President Donald Trump Suggests Republicans Repeal Then Replace Obamacare

President Donald Trump suggested in a tweet that if Republicans remain unable to pass their current healthcare bill, they should immediately repeal and then replace Obamacare.

President Trump previously endorsed the Senate healthcare bill, otherwise known as the Better Care Reconciliation Act (BCRA), however, since Senate Majority Leader Mitch McConnell delayed the vote on the BCRA President Trump has looked into other options. Sen. Rand Paul (R-KY) recently suggested repealing and replacing Obamacare in two separate bills, an idea that apparently President Trump might endorse if Republicans remain unable to pass the BCRA.

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America’s Health-Care Crisis Is A Gold Mine For Crowdfunding

Sites such as GoFundMe and YouCaring are poised for a wave of medical appeals if Trumpcare leaves millions uninsured, and even if it doesn’t.

Crowdfunding platforms such as GoFundMe and YouCaring have turned sympathy for Americans drowning in medical expenses into a cottage industry. Now Republican efforts in Congress to repeal and replace Obamacare could swell the ranks of the uninsured and spur the business of helping people raise donations online to pay for health care.

But medical crowdfunding doesn’t have to wait for Congress to act. Business is already booming, and its leaders expect the rapid growth to continue no matter what happens on the Hill.

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5 Things You Need To Know About The Latest CBO Score On Trumpcare

Much to the bated breath of political analysts, the Congressional Budget Office (CBO) released their analysis on the Senate iteration of Trumpcare on Monday. The most appropriate reaction to the report is, of course, this:

Here are five things you need to know about the CBO score.

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Obamacare Repeal: Why Democrats Can’t Break Through

A Trump-obsessed media and the GOP’s secrecy and speed have stymied the left and put a sweeping conservative bill on the verge of Senate passage.

Even before Senate Republicans released their Obamacare repeal plan last week, a call went out from liberal activists: Head to the airport and greet departing senators with a furious protest.

About five dozen demonstrators showed up at Reagan National Airport, chanting loudly and hoisting signs that read “Don’t Take Away Our Health Care” and “Resist.” Organizers hailed the turnout given the short notice, but the contrast with the thousands of people who flocked to the last airport protests — against President Donald Trump’s travel ban — was inescapable.

And compared with the tea party fervor aimed at Democrats when they worked to pass Obamacare seven years ago, this year’s liberal defense of the law hasn’t mustered the same energy to seize, and stay in command of, the nation’s attention.

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Obamacare Repeal Will Not Kill Thousands

The hyperbole relies on cherry-picked data and outright distortions.

Repealing Obamacare will kill 24,000 people a year! No, 36,000! No, 43,000! The tax cuts are blood money!

There is more than a little hyperbole about the overhaul of Obamacare proposed by the House and the Senate, and the rhetoric about tens of thousands of deaths is not a bad example. The numbers are inflated, the studies are cherry-picked, the uncertainties are ignored, the context is dismissed, the framework is laughably distorted.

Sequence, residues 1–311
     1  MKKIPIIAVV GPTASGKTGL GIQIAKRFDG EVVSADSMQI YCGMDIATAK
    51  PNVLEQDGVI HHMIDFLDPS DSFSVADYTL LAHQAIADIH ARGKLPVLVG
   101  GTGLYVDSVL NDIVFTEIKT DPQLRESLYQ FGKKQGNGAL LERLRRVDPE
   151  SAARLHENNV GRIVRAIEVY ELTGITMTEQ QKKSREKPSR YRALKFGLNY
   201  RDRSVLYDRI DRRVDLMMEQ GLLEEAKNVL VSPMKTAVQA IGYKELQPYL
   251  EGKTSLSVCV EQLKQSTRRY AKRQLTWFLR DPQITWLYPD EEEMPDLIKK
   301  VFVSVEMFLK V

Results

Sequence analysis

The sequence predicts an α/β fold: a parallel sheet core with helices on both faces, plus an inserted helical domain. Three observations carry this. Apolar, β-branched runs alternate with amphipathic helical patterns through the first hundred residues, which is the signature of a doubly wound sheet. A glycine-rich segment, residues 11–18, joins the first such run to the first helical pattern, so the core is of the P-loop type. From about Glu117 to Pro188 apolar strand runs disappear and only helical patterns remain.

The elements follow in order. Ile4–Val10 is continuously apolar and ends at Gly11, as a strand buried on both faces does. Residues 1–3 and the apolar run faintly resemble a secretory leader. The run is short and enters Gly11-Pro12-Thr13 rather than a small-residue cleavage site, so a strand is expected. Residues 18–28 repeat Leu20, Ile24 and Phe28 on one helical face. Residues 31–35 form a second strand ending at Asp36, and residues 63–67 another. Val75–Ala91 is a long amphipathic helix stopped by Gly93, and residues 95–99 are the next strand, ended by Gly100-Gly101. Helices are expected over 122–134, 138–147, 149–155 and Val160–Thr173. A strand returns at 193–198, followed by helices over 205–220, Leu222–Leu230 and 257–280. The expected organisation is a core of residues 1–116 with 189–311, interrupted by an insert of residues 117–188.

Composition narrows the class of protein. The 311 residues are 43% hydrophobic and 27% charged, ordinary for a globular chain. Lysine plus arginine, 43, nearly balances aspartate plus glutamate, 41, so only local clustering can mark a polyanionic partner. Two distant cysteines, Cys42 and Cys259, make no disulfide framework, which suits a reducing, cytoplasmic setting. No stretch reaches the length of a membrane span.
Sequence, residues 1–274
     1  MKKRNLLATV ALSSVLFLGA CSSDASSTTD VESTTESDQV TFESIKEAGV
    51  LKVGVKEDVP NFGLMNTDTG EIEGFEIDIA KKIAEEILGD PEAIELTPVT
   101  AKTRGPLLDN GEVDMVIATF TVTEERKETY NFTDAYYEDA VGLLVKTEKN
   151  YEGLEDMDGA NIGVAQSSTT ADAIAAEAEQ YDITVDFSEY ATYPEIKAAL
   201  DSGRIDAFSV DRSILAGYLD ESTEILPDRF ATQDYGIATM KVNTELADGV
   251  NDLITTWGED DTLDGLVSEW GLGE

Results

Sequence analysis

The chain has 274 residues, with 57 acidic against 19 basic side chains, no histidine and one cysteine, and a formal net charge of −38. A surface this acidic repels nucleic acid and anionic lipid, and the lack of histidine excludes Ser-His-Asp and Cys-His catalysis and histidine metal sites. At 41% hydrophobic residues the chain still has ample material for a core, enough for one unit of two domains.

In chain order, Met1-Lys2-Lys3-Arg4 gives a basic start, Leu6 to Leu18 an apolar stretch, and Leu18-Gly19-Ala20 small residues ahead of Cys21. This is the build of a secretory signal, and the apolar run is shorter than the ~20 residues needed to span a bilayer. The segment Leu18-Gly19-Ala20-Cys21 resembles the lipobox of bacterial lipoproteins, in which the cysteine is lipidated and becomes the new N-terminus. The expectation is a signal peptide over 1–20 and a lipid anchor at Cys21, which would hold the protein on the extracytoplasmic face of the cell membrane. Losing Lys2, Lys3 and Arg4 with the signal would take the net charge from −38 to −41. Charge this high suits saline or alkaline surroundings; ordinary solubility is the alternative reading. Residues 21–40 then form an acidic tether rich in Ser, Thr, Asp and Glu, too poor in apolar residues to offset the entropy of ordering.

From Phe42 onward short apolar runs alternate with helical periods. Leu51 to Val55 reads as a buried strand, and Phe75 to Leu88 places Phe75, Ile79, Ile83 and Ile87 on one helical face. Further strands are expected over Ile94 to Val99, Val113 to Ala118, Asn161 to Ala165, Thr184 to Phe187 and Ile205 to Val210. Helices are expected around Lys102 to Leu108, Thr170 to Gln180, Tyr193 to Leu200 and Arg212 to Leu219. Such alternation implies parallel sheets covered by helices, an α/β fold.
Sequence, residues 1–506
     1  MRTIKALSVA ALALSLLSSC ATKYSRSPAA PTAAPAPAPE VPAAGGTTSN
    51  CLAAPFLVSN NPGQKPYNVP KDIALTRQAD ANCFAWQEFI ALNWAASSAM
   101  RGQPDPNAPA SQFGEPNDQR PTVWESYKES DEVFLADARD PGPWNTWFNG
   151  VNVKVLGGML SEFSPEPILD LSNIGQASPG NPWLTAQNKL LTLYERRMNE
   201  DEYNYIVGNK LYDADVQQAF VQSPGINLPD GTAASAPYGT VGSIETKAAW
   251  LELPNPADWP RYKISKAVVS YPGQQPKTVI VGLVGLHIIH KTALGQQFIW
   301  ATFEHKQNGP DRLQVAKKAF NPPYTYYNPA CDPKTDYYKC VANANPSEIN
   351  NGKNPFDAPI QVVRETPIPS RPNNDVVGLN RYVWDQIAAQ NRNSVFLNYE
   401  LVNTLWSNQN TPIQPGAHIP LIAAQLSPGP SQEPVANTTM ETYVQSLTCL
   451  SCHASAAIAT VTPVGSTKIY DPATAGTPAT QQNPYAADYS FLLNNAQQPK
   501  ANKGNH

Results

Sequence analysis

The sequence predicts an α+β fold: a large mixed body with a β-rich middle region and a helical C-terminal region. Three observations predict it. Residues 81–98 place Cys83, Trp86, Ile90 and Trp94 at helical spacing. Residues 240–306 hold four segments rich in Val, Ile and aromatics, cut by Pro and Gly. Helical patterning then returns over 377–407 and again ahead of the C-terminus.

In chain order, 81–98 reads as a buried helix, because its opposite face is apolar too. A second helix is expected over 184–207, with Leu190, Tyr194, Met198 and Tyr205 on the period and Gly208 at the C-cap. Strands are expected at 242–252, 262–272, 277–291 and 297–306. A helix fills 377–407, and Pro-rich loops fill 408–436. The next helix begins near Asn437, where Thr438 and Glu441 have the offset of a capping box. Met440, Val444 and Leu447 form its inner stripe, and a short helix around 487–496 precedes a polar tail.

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Rand Paul Tells ABC How Senate Leaders Can Get Him To A ‘Yes’ Vote On GOP Health Care Bill

Appearing on ABC’s This Week on Sunday, Senator Rand Paul (R-KY), one of five conservatives in the Senate objecting to the GOP’s latest health care bill, detailed the bill’s fatal flaws, and spoke about how he could get to a “yes” vote:

The fundamental flaw of Obamacare was that it added regulations to insurance — mandates — which made insurance more expensive. But then it also told individuals, you know what, if you don’t want to buy it now, you can wait and buy it after you’re sick. That still remains.

Ten of twelve regulations that add cost to insurance remain under the Republican bill, and we still say you can still buy insurance after you’re sick. If you add those two together, you still get the death spiral. The Republican plan acknowledges that we’re still going to have this death spiral — which is sicker and sicker people in the individual market, and the healthy people don’t buy insurance — they acknowledge this by putting over $100 billion of insurance bailout money to try to say: “Oh, we’re going to tamp down prices. We’re not going to fix the problem; we’re going to acknowledge the problem will continue forever, and we’re just going to pile taxpayer money into it.” That is just not a conservative notion, to add a new federal program to bail out insurance companies.

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How ‘Repeal-And-Replace’ Legislation Could Increase The Deficit

Even if the Congressional Budget Office releases an estimate early next week claiming that the Senate Obamacare discussion draft reduces the deficit, the legislation could well end up increasing the deficit. That’s because the bill repeals most of the law’s taxes, but leaves one in place—for the moment. Under the discussion draft, Obamacare’s “Cadillac tax” on high-cost health plans would return in 2026.

The New York Times noted earlier this week that Republicans intend to offer an amendment to eliminate the tax outright. If an outright repeal of the “Cadillac tax” receives more than 60 votes in the Senate—as it has before—that would mean the legislation could (and likely would) increase the deficit in the long term, while still passing through budget reconciliation measures on a simple majority vote.

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